Perfect Passover Recipes: Brisket

April 3, 2014

For our third recipe in our Passover series with Meal and a Spiel, we tackle brisket.  In my opinion, it's not Passover unless there is brisket on the table.  The meat is cooked low and slow until it becomes fork tender.  It is served with potatoes and it's cooking juices - absolute perfection!

Recipe from Elana Horwich
For 8-10 hungry people plus leftovers

1 6-8 pound brisket, kosher and/or antibiotic, hormone free
2 onions, coarsely chopped
1 28 oz. can San Marzano whole peeled tomatoes
2-3 stalks celery with leaves, coarsely chopped
2-3 carrots, coarsely chopped
2-3 cloves peeled garlic, whole
2 bay leaves • 2-3 branches of rosemary
2-3 stems of fresh thyme (if you have)
5-6 fresh basil leaves (if you have)
1/2 bottle wine (an oaked chardonay or medium bodied red  like chianti or whatever leftover wine you have in kitchen)
Homemade or store bought chicken broth (if needed for more liquid, or just more wine- you want brisket to be just about covered with liquid)
salt- about 2 very generous teaspoons
extra virgin olive oil
5 or 6 russet potatoes, quartered

The day or two before:

Preheat oven to 325 F.  

Heat a dutch oven over a medium flame. When hot add olive oil. Put the brisket in on one side to brown, a few minutes and then turn to brown on the other side. (One side will have a lot of fat and you are trying to brown the fat-less parts if any.) Remove brisket and set aside.  If there is too much melted fat for your taste, remove a little before continuing.  Put in onions and cook until translucent.  Put the brisket back in fat side up.  Top with the carrots, celery, garlic, rosemary, bay leaves, thyme, and basil.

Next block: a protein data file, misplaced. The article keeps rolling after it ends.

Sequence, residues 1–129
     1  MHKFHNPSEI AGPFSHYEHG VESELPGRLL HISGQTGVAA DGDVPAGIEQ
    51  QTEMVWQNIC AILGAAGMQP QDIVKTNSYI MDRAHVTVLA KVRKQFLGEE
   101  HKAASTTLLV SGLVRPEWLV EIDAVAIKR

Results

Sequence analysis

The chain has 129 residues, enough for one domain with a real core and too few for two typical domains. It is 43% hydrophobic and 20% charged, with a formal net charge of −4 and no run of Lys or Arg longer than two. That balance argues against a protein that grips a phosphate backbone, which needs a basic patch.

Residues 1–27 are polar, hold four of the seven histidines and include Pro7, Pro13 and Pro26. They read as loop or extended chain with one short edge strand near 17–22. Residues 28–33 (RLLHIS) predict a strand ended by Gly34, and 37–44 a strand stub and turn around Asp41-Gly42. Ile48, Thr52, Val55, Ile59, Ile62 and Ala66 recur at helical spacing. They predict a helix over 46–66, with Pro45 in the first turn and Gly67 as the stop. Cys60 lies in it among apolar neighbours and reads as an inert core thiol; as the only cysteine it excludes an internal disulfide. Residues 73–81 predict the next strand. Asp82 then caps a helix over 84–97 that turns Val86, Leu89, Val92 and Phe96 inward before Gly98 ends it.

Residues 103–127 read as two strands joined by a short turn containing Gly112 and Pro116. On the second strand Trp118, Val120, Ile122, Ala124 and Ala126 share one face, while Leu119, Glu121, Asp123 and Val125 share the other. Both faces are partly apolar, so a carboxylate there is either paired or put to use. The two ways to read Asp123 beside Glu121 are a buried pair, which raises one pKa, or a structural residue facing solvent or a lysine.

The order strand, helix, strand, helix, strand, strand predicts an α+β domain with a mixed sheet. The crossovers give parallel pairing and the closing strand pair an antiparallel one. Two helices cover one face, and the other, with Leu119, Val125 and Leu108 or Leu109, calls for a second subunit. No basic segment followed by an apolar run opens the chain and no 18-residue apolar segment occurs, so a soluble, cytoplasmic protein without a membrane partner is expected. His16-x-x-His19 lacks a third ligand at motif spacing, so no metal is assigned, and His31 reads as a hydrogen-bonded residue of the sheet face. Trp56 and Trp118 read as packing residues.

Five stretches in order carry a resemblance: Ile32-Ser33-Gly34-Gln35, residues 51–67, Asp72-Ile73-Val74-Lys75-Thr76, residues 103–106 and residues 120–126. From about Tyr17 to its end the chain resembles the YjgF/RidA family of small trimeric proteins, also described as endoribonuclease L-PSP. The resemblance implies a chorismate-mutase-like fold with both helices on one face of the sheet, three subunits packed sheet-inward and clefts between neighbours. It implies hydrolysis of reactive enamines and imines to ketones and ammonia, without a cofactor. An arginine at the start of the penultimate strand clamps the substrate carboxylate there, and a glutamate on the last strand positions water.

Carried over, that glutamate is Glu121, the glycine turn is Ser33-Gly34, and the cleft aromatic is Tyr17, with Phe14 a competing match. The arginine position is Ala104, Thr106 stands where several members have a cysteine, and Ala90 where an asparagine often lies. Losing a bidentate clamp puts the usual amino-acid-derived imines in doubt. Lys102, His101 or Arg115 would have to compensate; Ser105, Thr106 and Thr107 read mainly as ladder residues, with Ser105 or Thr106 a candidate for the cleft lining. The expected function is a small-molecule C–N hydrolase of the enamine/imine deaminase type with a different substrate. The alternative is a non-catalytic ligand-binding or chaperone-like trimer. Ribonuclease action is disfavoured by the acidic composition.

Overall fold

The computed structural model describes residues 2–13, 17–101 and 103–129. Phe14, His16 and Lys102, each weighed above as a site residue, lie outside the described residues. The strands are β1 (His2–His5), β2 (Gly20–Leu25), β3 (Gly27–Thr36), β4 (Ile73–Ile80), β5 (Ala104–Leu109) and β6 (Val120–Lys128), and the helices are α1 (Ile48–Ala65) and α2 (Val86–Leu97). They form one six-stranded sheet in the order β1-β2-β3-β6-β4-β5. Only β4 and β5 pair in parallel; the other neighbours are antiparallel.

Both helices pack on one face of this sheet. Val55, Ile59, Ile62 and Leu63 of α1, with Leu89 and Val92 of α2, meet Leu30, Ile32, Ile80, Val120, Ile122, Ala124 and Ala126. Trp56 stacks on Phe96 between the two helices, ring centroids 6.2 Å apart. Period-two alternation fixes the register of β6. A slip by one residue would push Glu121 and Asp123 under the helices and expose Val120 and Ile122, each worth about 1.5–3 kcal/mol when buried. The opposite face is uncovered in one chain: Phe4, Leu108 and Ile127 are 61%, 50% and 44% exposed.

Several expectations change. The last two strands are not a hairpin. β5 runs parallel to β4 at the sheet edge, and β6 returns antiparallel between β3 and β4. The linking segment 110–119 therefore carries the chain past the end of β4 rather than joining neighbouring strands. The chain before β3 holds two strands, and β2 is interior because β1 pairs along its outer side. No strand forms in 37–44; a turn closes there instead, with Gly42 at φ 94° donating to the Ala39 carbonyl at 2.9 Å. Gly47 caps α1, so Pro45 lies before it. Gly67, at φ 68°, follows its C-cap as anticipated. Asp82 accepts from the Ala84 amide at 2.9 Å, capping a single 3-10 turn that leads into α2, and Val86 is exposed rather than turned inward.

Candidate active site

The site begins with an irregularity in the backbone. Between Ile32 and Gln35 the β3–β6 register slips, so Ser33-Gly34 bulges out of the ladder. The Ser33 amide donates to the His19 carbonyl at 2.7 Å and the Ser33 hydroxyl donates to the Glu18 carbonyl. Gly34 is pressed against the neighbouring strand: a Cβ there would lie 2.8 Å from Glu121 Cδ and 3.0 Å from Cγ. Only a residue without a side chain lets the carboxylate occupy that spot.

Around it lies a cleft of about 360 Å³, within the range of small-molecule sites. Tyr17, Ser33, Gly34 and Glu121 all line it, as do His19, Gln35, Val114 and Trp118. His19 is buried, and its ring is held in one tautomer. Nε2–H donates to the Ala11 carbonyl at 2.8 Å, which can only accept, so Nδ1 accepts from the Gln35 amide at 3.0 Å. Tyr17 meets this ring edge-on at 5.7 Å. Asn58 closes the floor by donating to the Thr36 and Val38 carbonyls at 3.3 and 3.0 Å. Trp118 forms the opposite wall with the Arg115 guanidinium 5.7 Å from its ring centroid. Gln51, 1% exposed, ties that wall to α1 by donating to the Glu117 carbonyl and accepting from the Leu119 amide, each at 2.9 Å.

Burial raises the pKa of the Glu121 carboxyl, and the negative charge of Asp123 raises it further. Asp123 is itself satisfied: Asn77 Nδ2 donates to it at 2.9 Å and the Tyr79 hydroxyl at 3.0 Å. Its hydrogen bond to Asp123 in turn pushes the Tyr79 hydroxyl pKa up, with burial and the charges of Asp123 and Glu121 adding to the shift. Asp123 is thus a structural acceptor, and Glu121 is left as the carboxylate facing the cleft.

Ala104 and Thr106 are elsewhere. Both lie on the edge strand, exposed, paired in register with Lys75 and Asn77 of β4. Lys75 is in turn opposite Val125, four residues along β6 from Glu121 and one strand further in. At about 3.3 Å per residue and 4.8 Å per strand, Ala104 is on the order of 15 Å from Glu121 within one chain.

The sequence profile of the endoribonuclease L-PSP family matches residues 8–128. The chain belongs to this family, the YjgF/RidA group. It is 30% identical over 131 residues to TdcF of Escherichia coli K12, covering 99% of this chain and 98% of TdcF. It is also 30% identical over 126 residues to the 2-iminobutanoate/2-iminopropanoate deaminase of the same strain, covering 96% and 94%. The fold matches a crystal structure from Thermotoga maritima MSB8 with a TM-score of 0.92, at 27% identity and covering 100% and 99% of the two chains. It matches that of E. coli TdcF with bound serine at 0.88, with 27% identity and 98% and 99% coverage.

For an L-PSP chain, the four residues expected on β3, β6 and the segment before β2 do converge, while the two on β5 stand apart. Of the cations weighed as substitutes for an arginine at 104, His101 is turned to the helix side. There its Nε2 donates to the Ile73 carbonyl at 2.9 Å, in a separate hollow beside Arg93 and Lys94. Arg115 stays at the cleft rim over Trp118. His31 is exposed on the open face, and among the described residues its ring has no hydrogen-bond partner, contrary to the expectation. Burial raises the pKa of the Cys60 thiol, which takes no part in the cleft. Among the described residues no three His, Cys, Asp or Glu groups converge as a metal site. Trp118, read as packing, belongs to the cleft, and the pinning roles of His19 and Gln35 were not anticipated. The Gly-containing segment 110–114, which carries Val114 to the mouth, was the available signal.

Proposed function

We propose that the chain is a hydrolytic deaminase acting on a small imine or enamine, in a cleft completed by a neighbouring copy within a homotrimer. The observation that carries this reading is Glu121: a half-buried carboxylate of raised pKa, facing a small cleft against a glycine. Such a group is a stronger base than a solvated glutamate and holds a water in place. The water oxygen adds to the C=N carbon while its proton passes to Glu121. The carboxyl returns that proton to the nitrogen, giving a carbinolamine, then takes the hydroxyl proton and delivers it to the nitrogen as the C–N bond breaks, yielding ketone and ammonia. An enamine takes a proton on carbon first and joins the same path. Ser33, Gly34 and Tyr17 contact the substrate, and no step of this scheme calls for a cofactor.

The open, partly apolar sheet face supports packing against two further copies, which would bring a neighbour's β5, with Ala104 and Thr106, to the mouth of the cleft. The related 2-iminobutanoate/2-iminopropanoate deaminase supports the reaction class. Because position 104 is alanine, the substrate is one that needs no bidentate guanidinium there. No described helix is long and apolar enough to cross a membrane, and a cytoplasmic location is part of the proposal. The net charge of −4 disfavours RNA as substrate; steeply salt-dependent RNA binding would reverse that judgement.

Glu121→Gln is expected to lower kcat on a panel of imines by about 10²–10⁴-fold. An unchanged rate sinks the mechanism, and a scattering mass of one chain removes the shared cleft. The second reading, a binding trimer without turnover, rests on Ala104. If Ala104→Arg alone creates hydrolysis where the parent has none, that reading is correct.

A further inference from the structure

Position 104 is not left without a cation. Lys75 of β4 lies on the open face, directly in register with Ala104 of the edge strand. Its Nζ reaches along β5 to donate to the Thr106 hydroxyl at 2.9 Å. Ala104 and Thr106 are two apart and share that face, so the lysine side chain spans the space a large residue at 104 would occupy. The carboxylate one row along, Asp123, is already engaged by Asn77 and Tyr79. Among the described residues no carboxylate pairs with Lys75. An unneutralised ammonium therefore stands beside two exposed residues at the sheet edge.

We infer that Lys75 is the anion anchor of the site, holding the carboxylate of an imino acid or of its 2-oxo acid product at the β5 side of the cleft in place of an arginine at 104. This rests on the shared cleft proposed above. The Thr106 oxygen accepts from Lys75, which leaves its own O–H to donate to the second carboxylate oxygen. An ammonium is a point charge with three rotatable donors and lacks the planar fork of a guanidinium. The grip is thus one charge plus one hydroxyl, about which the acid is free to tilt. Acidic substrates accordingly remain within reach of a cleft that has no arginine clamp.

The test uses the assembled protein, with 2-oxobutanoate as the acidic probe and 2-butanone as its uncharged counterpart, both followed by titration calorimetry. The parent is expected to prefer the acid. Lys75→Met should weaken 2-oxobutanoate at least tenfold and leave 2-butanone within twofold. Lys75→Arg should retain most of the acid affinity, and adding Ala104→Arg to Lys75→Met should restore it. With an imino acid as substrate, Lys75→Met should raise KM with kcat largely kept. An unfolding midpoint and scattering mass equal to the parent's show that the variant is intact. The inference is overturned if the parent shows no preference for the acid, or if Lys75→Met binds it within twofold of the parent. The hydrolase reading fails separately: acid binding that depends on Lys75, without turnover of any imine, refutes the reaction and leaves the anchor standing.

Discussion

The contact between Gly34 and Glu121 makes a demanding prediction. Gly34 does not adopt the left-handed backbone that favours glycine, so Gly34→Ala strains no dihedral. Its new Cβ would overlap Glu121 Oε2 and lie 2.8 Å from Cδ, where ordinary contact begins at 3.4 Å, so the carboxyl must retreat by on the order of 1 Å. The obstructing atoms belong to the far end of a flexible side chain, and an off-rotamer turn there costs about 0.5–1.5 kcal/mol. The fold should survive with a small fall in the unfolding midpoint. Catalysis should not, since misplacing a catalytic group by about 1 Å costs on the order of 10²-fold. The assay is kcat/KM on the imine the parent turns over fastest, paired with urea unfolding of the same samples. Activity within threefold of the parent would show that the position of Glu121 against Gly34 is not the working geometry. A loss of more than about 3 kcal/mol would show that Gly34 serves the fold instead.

The next step can get messy but its fun. If you prefer use a knife for a neater system. Take out the tomatoes, one by one,  and crush using your hand. Watch out for spurting juice. Pour in all juices from can.  Add wine (and broth if you feel necessary to mostly cover meat.).  Sprinkle generously with salt.  Cover well and stick in oven for 4-5 hours or longer at an even lower temperature.  When your brisket cuts itself with a fork, it is done.  Take out of oven and let sit to cool a bit.  Take brisket out of juices and let cool completely. When cool, refrigerate it covered.

In the meantime put the potatoes in the juice of the brisket in dutch oven and put on stove, covered, over medium flame, until potatoes are soft and cooked.  Refrigerate until ready to use.  Save all brisket juices.

Next Day: 

Once cold, use a knife to slice off all the fat from the brisket. Then slice the brisket against the grain into ¼ inch pieces. Place “in order” in a casserole dish fit for the oven. Add potatoes if there is room or put potatoes in separate casserole dish.  If you think the brisket juices should be thicker, boil them down a bit on the stove. Then when cool, you can cover the meat and potatoes with the sauce.  Refrigerate until ready to use.

Day of:

When you are ready to serve, you can heat up the brisket in one of two ways.  Place the casserole dish dishes with potatoes and meat, covered VERY well in heavy duty aluminum foil or double wrapped in regular foil, and bake on 350 for almost an hour until brisket and potatoes are well heated through. Place on serving platter, top with remaining juice and serve.

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